Impact of stress reduction interventions on hostility and ambulatory systolic blood pressure in African American adolescents

Lynda Brown Wright, Mathew J. Gregoski, Martha S. Tingen, Vernon A. Barnes, Frank A. Treiber

Research output: Contribution to journalArticlepeer-review

23 Scopus citations

Abstract

This study examined the impact of breathing awareness meditation (BAM), life skills (LS) training, and health education (HE) interventions on self-reported hostility and 24-hour ambulatory blood pressure (ABP) in 121 African American (AA) ninth graders at increased risk for development of essential hypertension. They were randomly assigned to BAM, LS, or HE and engaged in intervention sessions during health class for 3 months. Before, after, and 3 months following intervention cessation, self-reported hostility and 24-hour ABP were measured. Results indicated that between pre- and postintervention, BAM participants displayed significant reductions in self-reported hostility and 24-hour systolic ABP. Reductions in hostility were significantly related to reductions in 24-hour systolic ABP. Between postintervention and follow-up, participants receiving LS showed a significant reduction in hostility but not in 24-hour ABP. Significant changes were not found for the HE group in 24-hour ABP or self-reported hostility, but these change scores were significantly correlated. The implications of the findings are discussed with regard to behavioral stress reduction programs for the physical and emotional health of AAs.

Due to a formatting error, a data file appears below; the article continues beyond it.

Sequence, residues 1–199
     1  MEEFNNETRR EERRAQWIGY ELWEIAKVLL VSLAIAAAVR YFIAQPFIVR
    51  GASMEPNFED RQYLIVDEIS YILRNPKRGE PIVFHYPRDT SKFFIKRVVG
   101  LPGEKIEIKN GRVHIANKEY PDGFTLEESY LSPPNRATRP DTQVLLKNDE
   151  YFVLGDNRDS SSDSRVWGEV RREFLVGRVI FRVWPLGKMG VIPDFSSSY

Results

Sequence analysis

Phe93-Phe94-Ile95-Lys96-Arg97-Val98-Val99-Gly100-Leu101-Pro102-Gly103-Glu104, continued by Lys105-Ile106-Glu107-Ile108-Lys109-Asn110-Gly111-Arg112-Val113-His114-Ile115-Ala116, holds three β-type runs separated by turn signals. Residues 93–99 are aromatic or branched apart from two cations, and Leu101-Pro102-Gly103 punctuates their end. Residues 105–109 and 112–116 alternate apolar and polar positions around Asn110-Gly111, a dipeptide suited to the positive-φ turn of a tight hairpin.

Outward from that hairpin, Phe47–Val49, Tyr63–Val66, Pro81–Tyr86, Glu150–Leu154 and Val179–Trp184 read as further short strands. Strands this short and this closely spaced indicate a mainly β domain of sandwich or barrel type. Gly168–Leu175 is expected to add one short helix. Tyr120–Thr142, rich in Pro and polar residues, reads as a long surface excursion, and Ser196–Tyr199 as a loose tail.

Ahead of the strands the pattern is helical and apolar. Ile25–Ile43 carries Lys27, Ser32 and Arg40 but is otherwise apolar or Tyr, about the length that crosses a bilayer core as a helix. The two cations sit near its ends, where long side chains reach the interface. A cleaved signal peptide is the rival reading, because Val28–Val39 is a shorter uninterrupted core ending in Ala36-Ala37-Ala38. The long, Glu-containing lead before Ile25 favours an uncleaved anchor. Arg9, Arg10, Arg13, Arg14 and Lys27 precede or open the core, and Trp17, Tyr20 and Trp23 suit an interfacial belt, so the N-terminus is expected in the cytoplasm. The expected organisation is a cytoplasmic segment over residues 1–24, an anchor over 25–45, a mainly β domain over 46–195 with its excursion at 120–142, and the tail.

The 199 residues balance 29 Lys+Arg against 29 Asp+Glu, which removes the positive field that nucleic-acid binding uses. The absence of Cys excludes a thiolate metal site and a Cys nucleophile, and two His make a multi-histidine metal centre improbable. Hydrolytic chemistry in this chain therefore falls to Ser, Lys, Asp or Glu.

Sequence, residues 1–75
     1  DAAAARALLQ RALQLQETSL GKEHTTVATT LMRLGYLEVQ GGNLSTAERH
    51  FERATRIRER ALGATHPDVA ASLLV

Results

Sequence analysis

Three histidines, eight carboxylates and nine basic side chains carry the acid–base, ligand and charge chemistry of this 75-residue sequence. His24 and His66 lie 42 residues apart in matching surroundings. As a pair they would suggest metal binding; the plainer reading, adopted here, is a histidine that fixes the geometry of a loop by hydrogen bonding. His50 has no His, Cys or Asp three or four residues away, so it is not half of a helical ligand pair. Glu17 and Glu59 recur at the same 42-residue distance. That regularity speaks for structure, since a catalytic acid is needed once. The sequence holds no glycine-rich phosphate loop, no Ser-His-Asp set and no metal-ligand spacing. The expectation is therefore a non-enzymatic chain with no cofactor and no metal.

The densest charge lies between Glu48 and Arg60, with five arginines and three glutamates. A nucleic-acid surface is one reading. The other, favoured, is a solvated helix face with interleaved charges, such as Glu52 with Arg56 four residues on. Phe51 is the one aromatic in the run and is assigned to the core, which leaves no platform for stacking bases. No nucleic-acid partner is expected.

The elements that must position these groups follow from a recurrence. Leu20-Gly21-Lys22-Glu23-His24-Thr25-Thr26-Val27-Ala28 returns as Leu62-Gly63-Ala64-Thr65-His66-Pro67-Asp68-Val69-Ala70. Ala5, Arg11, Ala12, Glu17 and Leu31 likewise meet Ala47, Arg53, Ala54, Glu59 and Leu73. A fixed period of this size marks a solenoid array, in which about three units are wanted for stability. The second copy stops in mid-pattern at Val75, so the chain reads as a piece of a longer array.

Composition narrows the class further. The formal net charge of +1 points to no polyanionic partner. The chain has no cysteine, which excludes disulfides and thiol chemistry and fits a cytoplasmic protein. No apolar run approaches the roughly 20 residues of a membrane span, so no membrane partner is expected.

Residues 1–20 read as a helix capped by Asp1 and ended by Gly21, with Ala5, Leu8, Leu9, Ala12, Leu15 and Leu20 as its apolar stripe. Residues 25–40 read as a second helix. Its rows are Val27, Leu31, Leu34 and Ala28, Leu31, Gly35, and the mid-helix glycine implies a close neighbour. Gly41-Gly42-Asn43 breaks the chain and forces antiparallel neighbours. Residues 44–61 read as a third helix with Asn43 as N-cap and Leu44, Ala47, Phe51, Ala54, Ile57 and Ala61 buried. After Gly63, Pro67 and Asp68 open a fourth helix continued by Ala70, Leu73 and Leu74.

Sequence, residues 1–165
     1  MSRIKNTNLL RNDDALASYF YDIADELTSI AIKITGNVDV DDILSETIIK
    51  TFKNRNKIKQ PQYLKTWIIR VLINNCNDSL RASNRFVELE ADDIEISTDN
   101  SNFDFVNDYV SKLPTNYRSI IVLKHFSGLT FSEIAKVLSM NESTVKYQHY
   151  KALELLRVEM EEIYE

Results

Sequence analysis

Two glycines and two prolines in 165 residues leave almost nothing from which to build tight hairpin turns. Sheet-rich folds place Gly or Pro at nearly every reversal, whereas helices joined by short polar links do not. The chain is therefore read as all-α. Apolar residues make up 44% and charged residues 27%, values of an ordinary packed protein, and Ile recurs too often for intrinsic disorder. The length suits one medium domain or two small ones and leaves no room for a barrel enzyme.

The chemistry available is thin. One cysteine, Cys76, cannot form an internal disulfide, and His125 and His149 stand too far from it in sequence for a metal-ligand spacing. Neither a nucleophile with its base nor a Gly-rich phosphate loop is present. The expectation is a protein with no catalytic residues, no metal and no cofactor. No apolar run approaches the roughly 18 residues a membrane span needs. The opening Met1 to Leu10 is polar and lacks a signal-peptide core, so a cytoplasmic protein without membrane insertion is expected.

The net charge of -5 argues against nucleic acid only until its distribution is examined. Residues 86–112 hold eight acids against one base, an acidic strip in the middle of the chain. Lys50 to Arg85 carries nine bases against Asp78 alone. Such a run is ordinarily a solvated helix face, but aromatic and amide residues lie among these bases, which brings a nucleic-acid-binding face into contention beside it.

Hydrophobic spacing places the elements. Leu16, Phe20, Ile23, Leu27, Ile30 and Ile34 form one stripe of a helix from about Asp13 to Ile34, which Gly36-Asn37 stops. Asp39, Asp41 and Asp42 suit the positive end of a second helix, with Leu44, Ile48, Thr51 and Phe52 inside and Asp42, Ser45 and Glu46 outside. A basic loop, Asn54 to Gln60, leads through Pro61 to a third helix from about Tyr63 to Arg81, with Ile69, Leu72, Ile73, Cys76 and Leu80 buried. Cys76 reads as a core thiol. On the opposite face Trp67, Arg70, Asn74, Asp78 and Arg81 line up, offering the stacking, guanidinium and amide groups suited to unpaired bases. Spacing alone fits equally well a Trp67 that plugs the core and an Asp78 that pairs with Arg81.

Original languageEnglish (US)
Pages (from-to)210-233
Number of pages24
JournalJournal of Black Psychology
Volume37
Issue number2
DOIs
StatePublished - May 2011

Keywords

  • behavioral interventions
  • clinical trial
  • essential hypertension
  • hostility
  • stress

ASJC Scopus subject areas

  • Anthropology
  • Applied Psychology

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